Background Music to the Story of a Space: On ‘Here’ and Comic Book Storytelling
By Ryan Joe
Richard McGuire’s Here is an impressive feat of choreography, among other things.
One aspect of comic book storytelling I’ve recently become more aware of, in part because of a class I’m taking with the cartoonist Tom Motley, is the way panels and word balloons contribute to the overall design of a page.
That’s really important for Here, which essentially features the same static shot — a specific corner of a specific room — as it existed through centuries. This is one of my favorite layouts.
A panel in the middle sends us back to that spot in 1503, when it was a dense and foggy woodland. And then we’re back in 2014, where the woman’s shadow appears like a specter. It’s simple and sparse yet packed with atmosphere, while hinting at a larger story. Why is the room, which in other pages was full of furniture and people, empty? Is she moving in or out? The colors give it a mournful quality. And that cold, empty thicket in the middle underscores the isolation nearly five centuries later.
In this small space, we witness narrative vignettes. Like ghosts, people emerge to discuss their relationships, flirt, argue, live, and die. But there’s always a thematic relationship between the events depicted in different time periods. Sometimes it’s even more explicit — an incident in one panel serving as commentary for an incident in another that happened years later or before. Consider:
In 1959, a wife goes through a checklist for her husband who is leaving the house. In 1970, someone sits on a loveseat, talking to a friend: “It’s a symbiotic relationship,” s/he says. “It’s a little ritual they do.”
(Sorry in advance for the shitty reproduction. The camera on my phone has been sucking ever since I tossed it into a river. Also, Here would have been better served with a different binding method. Every illustration is a double page spread, yet you practically have to break the spine or else you’ll lose art in the margins. And the action in the middle is often the focal point of McGuire’s layouts.)
McGuire occasionally draws out these brief episodes over a few pages. In 1989, a woman tells a joke about a man seeing a doctor — itself a premonition of what’s going to happen. Most of the page, however, is dominated by shots of that corner in the late 1700s, as land is cleared and a magnificent estate is built.
I’m leaving out a few pages, but this should give you the idea:
The woman reaches her punchline, one of the men listening to her joke begins coughing uncontrollably. In the 1700s, the house burns to the ground. Great building of tension here. And then:
Boom. The 1989 panel expands across the entire spread. The man lurches backward, disrupting the staid blocking of the four sitting figures. That’s just great graphic storytelling. Okay, I want to reiterate an earlier complaint. The most important information is the man falling, and we lose that information — and its impact — because half the figure is sucked into the binding.
McGuire is hyperaware of the impact of his color choices. It’s a great and often overlooked way of affecting a shift in tone. Here’s an image from Panel Discussions by Durwin S. Talon:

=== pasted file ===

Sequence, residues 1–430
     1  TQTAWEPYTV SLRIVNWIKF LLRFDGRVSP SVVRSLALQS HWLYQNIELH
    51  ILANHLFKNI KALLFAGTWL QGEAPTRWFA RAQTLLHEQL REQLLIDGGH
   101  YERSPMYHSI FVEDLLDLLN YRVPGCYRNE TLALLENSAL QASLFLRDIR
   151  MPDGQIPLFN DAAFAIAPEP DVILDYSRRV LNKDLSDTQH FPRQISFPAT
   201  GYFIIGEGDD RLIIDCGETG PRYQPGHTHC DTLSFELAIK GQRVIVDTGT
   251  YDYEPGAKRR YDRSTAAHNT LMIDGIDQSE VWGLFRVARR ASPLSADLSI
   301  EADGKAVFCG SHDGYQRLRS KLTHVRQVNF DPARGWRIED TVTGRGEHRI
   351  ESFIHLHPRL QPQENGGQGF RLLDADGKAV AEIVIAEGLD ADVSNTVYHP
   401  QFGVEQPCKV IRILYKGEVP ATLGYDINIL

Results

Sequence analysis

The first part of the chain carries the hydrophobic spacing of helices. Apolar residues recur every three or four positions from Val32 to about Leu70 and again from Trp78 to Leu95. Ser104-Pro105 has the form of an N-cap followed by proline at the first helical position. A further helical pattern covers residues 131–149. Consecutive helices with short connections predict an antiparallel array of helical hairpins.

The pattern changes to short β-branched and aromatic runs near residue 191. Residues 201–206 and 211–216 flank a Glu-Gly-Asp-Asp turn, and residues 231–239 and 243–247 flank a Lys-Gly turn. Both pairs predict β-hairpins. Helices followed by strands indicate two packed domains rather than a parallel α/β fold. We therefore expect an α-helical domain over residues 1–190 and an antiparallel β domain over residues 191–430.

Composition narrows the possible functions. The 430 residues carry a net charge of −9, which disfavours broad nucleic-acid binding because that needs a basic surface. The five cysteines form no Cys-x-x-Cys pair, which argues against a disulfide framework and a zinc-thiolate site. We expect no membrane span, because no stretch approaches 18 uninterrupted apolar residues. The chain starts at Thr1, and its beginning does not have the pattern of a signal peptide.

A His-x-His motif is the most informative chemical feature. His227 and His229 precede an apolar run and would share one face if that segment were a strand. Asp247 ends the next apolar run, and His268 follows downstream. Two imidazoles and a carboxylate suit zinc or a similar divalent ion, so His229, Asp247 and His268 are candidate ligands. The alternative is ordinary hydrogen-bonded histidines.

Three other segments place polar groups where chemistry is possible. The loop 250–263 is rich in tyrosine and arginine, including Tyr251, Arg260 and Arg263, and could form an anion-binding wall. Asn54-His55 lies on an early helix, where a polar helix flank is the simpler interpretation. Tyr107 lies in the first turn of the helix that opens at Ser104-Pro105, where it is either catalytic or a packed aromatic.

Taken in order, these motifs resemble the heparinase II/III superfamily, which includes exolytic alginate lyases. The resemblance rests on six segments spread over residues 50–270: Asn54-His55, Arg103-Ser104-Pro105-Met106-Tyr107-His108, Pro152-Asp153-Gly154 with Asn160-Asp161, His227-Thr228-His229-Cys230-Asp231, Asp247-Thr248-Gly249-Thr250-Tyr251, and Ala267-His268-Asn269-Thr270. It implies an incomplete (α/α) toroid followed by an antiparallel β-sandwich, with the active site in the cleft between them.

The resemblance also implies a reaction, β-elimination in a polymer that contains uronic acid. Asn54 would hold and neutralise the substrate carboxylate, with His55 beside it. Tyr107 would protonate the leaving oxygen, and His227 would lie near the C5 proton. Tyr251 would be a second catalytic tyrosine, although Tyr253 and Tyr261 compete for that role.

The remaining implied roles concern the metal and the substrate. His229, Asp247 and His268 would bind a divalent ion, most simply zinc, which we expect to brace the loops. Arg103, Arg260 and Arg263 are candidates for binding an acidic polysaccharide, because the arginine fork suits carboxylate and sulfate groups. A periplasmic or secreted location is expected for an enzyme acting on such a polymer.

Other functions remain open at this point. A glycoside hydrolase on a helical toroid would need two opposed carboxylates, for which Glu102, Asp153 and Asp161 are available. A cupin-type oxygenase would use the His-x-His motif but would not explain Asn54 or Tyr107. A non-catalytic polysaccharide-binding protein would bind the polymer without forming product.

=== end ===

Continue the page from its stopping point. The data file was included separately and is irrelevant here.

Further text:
Same thing happens in the page where the house is burning down, right before the man collapses. Every other page has been yellow against a cool background. Suddenly, the page turns red, and the panel expands just as the man collapses to the ground.
Let’s look at McGuire’s busier layouts. That’s all relative, by the way. Here is cleanly designed throughout, but he still needs to focus his reader’s eye. That can be tricky to do sometimes, and in wordier comics, you can use balloon arrangements to draw the eye across the panels:
Another example from Panel Discussions:
Another trick is how much detail you include in each panel to control pacing. Richly-detailed panels slow the eye down and vice versa. Here’s a page where McGuire shows mothers from different time periods holding their babies.
The women are all loosely sketched in except for the one from 1957. Even though she’s sandwiched between two panels — and is the smallest figure of the group, she pops against the dominant purple background — unlike the other women who blend in — and the baby stands out against her. Look at her compared to the mother from 1945, who’s just sort of blotched in. McGuire also uses those very defined flowers as an anchor, halting your eye so you don’t gloss over the mother on the couch.
Now, why does he do this? Gotta tell ya, I’m not entirely sure. Might have just been a design decision because the eye does need to pause somewhere. I’m reminded though of what the legendary comic artist Moebius said, in his afterward for Silver Surfer: Parable.
“Details are dangerous,” he writes, “because an overabundance of details is a bad thing. It’s like filling the page just because it’s there, or feeling that because you put in a lot of details, you’re doing a wonderful job, but that’s wrong. Details must take into account the natural rhythm of the eye, like breathing. Details must follow the flow of the story, and accentuates its strong moments. Details are like background music in an orchestra.”
And that seems to be McGuire’s philosophy throughout Here. His details — the various lives and intimacies of all the people who at one time inhabited that corner — are all background music to the story of that space.